• Today’s Gospel begins with the question of Peter: Lord, what about him? Jesus begins to speak with Peter, announcing the destiny or type of death by which Peter will glorify God. And at the end Jesus adds: Follow me. (Jn 21, 19).

• John 21, 20-21: Peter’s question concerning John’s destiny. At this moment, Peter turned back and saw the Disciple whom Jesus loved and asks: “Lord, what about him?” Jesus had just indicated the destiny of Peter and now Peter wants to know from Jesus which is the destiny of this other disciple. It is a curiosity which does not deserve an adequate response from Jesus.

• John 21, 22: The mysterious response of Jesus. Jesus says: If I want him to stay behind till I come, what does it matter to you? You are to follow me.” A mysterious phrase which ends again with the same affirmation as before: Follow me! Jesus seems to want to stop Peter’s curiosity. Just as each one of us has his/her own history, in the same way each one of us has his/her own way of following Jesus. Nobody is the exact copy of another person. Each one of us should be creative in following Jesus.

• John 21, 23: The Evangelist clarifies the sense of the response of Jesus. Ancient tradition identifies the Beloved Disciple with the Apostle John and says that he died very old, when he was almost one hundred years old. Putting together the old age of John with the mysterious response of Jesus, the Evangelist clarifies things saying: “The rumour then went out among the brothers that this disciple would not die. Yet, Jesus had not said to Peter: He will not die, but: If I want him to stay behind till I come; what does that matter to you?” Perhaps, it is a warning to be very attentive to the interpretation of the words of Jesus and not base oneself in any rumour.

• John 21, 24: Witness of the value of the Gospel. Chapter 21 is an added appendix when the final redaction of the Gospel was made. Chapter 20 ends with this phrase: “There were many other signs that Jesus worked in the sight of his disciples, but they are not recorded in this book. These are recorded so that you may believe that Jesus is the Christ, the son of God, and that believing this you may have life through his name.” (Jn 20, 30-31). The Book was ready but there were many other facts about Jesus. This is why, on the occasion of the definitive edition of the Gospel, some of these “many facts” about Jesus were chosen and added, very probably to clarify better the new problems of the end of the first century. We do not know who wrote the definitive redaction with the appendix, but we know it was someone of the community who could be trusted, because he writes: “This is the disciple who vouches for these things and has written them down and we know that his testimony is true”.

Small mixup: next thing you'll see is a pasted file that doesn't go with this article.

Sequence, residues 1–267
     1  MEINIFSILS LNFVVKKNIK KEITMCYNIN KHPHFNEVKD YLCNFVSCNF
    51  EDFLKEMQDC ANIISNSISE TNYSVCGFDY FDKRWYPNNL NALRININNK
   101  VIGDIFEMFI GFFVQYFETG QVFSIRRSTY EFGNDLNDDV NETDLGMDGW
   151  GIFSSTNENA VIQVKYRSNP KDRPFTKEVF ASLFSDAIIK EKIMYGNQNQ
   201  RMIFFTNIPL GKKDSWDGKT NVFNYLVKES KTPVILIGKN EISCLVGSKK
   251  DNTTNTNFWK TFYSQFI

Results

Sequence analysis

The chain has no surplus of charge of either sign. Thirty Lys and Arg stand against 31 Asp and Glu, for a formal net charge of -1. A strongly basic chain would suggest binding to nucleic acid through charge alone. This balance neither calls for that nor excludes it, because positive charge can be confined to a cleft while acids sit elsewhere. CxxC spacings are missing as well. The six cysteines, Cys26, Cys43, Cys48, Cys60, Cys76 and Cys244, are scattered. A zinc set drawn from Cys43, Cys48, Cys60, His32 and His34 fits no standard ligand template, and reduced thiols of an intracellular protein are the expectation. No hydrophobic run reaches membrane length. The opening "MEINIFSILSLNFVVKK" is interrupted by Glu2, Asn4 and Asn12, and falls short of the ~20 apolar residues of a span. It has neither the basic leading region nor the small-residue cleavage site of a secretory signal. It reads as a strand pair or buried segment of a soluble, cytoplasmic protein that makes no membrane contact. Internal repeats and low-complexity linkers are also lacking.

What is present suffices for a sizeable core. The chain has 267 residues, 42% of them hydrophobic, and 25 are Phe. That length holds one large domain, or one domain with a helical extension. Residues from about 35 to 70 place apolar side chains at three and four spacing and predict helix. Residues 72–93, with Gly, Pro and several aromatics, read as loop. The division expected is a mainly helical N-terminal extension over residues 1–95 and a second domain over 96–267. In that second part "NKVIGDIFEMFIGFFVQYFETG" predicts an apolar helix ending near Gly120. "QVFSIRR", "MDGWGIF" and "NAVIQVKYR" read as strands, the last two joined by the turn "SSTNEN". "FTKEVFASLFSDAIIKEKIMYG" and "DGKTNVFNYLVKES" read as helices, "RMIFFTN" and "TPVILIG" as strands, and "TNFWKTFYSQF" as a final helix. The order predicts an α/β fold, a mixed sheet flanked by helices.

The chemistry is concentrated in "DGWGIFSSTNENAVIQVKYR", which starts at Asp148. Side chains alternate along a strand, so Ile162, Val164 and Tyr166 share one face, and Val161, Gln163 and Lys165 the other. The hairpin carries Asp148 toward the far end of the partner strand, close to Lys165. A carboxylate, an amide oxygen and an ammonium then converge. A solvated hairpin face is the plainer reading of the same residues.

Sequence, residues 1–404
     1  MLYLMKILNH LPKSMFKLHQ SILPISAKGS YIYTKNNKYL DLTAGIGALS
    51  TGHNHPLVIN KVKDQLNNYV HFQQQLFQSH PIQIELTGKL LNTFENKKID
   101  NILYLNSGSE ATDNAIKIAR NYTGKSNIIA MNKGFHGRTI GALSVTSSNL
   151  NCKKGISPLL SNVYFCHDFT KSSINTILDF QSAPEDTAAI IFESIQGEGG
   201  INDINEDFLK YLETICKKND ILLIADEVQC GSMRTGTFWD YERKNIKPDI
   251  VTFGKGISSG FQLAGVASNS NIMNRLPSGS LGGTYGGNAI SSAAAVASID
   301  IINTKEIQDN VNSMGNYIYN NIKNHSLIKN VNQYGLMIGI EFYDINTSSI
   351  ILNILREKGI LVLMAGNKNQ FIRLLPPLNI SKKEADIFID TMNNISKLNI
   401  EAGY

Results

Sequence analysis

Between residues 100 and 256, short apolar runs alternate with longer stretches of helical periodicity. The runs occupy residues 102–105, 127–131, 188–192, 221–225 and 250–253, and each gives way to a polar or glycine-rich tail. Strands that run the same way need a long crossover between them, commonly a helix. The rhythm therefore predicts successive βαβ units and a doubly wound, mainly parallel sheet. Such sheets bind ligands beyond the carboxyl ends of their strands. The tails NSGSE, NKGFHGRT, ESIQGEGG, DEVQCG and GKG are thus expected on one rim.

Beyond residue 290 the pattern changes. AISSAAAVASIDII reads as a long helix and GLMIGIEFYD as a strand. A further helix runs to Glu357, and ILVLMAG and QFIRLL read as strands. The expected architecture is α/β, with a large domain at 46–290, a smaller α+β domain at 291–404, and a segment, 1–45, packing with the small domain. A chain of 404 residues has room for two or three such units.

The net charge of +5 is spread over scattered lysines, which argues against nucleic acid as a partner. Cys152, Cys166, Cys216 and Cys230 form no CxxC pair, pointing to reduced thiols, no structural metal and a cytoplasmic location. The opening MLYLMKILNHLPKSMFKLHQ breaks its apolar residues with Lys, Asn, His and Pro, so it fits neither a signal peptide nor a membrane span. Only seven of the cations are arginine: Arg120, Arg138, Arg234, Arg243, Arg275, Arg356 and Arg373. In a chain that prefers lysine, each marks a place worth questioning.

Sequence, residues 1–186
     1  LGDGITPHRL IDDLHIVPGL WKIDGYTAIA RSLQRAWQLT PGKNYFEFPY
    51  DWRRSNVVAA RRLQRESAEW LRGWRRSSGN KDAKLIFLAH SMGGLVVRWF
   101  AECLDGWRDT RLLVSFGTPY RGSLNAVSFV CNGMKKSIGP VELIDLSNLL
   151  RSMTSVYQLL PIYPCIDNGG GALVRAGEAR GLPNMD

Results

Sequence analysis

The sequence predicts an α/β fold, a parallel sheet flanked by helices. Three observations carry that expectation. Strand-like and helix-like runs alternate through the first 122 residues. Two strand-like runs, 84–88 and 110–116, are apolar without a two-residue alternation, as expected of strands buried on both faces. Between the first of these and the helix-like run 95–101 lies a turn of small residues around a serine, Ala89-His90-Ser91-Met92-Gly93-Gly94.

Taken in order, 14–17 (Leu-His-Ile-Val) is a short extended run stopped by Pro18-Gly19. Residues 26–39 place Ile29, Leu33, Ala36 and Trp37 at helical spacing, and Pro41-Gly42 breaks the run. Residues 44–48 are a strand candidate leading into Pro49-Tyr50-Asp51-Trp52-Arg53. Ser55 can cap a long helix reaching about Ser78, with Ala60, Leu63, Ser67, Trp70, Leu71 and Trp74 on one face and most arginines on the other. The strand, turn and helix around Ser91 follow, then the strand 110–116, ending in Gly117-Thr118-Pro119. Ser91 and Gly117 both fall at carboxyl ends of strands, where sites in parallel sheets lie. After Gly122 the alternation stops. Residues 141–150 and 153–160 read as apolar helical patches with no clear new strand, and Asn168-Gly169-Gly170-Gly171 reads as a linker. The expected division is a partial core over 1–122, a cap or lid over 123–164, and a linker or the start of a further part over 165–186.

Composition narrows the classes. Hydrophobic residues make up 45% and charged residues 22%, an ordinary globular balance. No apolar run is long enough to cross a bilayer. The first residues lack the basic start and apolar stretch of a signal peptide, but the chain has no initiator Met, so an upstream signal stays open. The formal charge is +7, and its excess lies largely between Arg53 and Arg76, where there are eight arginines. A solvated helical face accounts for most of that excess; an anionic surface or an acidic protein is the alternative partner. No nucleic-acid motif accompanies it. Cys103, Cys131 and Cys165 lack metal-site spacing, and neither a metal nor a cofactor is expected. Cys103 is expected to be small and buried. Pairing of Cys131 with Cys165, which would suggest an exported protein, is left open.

• John 21, 25: The mystery of Jesus is inexhaustible. A beautiful phrase to conclude the Gospel of John: “There was much else that Jesus did; if it were written down in detail, I do not suppose the world itself would hold all the books that would be written”. It seems an exaggeration, but it is the truth. Never will anyone be capable of writing all the things that Jesus has done and continues to do in the life of persons who up until now follow Jesus! 

For Personal Confrontation
• Is there something in your life which Jesus has done and which could be added to this book which will never be written?
• Peter is very concerned about the other disciple and forgets to carry on and live his own “Follow me”. Does this also happen to you?

Reference: Courtesy of Order of Carmelites,


Featured Item of the Day from Litany Lane


Saint of the Day:  St Pope John I

Feast Day:  May 18

Patron Saint:  

St Pope John I
Pope John I (Latin: Ioannes PP. I, Italian: Giovanni I; c. 470 – 18 May 526) was pope from 13 August 523 to 18 May 526.[1] He was a native of Siena (or the "Castello di Serena"), near Chiusdino, in Italy. He is the first pope known to have visited Constantinople while in office.[1]

While a deacon in Rome, he is known to have been a partisan of the Antipope Laurentius, for in a libellus written to Pope Symmachus in 506, John confessed his error in opposing him, condemned Peter of Altinum and Laurentius, and begged pardon of Symmachus. He would then be the "Deacon John" who signed the acta (ecclesiastic publication) of the Roman synod of 499 and 502; the fact the Roman church only had seven deacons at the time makes identifying him with this person very likely.[2] He may also be the "Deacon John" to whom Boethius, the 6th-Century philosopher, dedicated three of his five religious tractates, or treatises, written between 512 and 520.[3]

John was very frail when he was elected to the papacy as Pope John I. Despite his protests, Pope John was sent by the Arian King Theodoric the Great--ruler of the Ostrogoths, a kingdom in present-day Italy--to Constantinople to secure a moderation of a decree against the Arians, issued in 523, of Emperor Justin, ruler of the Byzantine, or East Roman, Empire. King Theodoric threatened that if John should fail in his mission, there would be reprisals against the orthodox, or non-Arian, Catholics in the West. John proceeded to Constantinople with a considerable entourage: his religious companions included Bishop Ecclesius of Ravenna, Bishop Eusebius of Fanum Fortunae, and Sabinus of Campania.[4] His secular companions were the senators Flavius Theodorus, Inportunus, Agapitus, and the patrician Agapitus.[5]